Sound Off: Autoplay Leaves Your Audience Singing a Different Tune

Sound Off: Autoplay Leaves Your Audience Singing a Different Tune

Imagine sitting at your office desk during lunch hour and scrolling over to the website of one of your favorite artists. Without notice, a massive eruption of noise shoots out your computer speakers. Not only are you embarrassed by this sudden burst of sound, your co-workers will be annoyed by the interruption as well.

The culprit? Autoplay. Just like those long-derided flash videos, autoplay causes Internet users to shake their fists in frustration. Consider these scenarios:

  • Most Internet users keep a number of tabs open at any given time, meaning it’s difficult to determine where or how to click the mute button.
  • If multiple songs and videos are embedded on the homepage, imagine the commotion of them starting at the same time.
  • The visitor is listening to music on iTunes or Pandora and wants to continue streaming without interference from other sounds.

Autoplay is widely known as the most reviled tactic of today’s digital world. According to the 2013 Digital Future Report, 84 percent of respondents aged 25 to 34 have left a website due to an “intrusive or irrelevant” advertisement. Even on a music-oriented website, the reaction is often similar. The best marketing strategy for an artist isn’t to hijack a person’s experience with content, but to rely on more subtle techniques that can hold their interest. When used properly, audio and video on your site can greatly enhance the visitor experience.

Transitioning from Autoplay to More Audience-Friendly Content

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Some major companies such as YouTube, ESPN and ABC continue to use autoplay on their media-heavy sites. Facebook is in the process of unrolling an autoplay video ad unit as well.

Despite its popularity among these media heavyweights, autoplay is still considered bad usability for websites in the music industry. Although artists are wise to offer a selection of songs and videos in order to pique interest, site visitors should have the option to access these digital assets of their own accord.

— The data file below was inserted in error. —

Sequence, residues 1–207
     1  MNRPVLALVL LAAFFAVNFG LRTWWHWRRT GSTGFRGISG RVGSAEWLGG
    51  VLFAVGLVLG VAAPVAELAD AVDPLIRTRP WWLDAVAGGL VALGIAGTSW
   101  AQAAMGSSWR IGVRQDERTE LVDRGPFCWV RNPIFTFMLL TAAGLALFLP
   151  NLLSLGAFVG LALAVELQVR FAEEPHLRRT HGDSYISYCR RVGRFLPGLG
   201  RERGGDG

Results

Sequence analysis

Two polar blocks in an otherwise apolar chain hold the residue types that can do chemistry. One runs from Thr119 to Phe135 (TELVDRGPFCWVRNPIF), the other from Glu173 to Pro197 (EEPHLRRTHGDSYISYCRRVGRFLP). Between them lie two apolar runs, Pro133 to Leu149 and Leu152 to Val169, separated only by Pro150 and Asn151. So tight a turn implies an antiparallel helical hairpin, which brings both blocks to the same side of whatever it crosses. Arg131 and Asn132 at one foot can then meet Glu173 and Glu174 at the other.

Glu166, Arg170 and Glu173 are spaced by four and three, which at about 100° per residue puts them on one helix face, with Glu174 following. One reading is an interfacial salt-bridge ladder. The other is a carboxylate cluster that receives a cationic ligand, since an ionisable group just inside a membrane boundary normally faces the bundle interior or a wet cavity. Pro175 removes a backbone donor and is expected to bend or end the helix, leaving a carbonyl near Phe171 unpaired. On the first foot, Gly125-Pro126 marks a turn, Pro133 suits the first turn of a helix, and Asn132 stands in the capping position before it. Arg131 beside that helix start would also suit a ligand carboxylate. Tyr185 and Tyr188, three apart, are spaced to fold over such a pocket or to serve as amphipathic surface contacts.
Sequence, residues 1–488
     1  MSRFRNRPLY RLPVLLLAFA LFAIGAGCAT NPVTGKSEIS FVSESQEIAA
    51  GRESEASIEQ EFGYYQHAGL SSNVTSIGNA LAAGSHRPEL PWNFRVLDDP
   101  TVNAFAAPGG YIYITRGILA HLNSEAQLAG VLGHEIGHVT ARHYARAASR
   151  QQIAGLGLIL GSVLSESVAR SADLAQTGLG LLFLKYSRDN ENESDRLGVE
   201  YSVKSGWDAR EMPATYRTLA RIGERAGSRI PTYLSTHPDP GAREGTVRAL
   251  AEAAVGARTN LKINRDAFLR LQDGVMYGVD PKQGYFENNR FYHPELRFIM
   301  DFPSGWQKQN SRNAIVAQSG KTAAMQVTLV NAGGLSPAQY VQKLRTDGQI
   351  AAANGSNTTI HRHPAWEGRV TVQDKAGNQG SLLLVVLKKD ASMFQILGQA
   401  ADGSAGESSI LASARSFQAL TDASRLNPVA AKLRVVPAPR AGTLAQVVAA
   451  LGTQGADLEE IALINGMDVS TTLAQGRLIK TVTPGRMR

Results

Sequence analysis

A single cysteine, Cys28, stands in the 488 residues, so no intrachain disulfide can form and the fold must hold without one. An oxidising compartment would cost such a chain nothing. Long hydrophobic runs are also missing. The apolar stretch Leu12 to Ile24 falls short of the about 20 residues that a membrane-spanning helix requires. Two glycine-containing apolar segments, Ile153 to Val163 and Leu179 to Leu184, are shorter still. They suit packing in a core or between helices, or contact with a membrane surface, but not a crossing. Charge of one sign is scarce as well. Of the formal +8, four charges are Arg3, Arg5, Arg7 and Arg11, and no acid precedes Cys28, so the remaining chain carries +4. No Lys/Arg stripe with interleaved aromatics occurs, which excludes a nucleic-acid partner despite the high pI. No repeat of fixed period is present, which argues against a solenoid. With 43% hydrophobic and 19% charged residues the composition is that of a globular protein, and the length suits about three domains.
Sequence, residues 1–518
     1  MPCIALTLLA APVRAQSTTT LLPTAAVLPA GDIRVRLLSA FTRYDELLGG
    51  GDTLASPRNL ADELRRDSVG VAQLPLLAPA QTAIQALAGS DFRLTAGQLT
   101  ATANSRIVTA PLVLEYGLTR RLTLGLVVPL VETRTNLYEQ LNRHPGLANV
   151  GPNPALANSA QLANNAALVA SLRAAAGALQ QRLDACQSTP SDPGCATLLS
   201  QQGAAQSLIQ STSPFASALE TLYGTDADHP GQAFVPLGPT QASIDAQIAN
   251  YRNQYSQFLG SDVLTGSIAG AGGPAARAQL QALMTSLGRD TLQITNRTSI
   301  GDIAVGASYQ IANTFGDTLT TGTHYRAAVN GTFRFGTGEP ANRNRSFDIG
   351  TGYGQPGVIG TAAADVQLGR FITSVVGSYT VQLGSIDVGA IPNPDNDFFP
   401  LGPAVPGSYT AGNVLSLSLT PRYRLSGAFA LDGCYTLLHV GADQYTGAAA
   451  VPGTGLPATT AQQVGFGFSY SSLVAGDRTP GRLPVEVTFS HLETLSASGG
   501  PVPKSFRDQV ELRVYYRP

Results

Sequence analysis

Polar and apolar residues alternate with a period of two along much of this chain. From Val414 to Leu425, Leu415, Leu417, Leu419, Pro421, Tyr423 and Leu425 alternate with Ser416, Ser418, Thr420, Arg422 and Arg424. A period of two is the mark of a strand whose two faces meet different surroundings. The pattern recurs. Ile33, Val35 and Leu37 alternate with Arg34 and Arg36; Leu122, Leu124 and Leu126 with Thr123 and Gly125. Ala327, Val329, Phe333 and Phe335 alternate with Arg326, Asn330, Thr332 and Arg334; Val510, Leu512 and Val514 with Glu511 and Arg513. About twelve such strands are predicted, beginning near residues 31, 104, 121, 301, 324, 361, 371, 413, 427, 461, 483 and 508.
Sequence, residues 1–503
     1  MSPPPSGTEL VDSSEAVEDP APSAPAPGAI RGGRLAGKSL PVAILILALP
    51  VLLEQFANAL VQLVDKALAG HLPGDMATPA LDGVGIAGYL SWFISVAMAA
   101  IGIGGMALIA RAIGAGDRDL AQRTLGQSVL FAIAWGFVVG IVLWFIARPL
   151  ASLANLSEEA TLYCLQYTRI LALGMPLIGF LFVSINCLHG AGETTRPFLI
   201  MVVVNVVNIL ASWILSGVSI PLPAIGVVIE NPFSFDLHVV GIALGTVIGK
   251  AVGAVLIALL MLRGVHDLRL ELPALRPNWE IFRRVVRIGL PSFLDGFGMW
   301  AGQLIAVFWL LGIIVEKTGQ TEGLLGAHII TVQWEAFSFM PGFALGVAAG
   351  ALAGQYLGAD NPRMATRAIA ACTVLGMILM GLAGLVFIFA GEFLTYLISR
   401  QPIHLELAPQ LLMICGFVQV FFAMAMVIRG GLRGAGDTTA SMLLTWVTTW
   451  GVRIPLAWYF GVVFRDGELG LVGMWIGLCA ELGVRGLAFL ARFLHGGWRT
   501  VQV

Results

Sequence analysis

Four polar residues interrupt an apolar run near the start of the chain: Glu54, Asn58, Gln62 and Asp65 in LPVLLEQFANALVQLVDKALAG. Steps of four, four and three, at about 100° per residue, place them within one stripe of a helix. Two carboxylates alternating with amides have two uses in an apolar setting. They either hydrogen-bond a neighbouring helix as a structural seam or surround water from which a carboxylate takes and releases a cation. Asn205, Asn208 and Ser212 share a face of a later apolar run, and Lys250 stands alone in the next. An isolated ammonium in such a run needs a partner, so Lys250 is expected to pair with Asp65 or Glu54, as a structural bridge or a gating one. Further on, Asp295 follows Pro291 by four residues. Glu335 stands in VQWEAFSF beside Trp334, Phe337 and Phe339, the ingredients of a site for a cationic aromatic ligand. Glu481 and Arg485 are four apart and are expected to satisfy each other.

Addressing the Technical Elements of Audio and Video

Autoplay causes many visitors to start looking for the mute button, and that’s if the audio or video works at all.  The visitor’s browser may not have the capability to play the files without system interruption due to slow connection speeds or other technical malfunctions. If your website causes the computer to freeze, visitors will immediately close the tab and lose interest in learning more about your music. Share audio and video as an option – not a requirement – so that visitors can determine when and where to engage in your message.

Designing a Website to Draw Attention Towards Digital Elements

Audio and video content has consistently been proven to increase engagement and on-site conversation rates. In order to ensure that visitors still receive the message, draw attention to audio and video capabilities as they navigate your site at their leisure. Clearly mark all player controls – volume, stop/buttons, etc. – so that visitors find them to be easy and accessible. A strategically placed button in the header or sidebar gets the job done. It’s important to give your visitors the ability to check out your audio or video at their own discretion while creating a comfortable online environment. While you should always search for ways to make a site dynamic and engaging, it’s important to gauge reaction from your audience and tweak your strategy if necessary.

From a relationship standpoint, the main goal for your artist website is to make sure that each visitor doesn’t exit your site without hearing your music or seeing your video. By designing a user-friendly experience without the use of autoplay, you can convince new and old fans alike to listen more closely.

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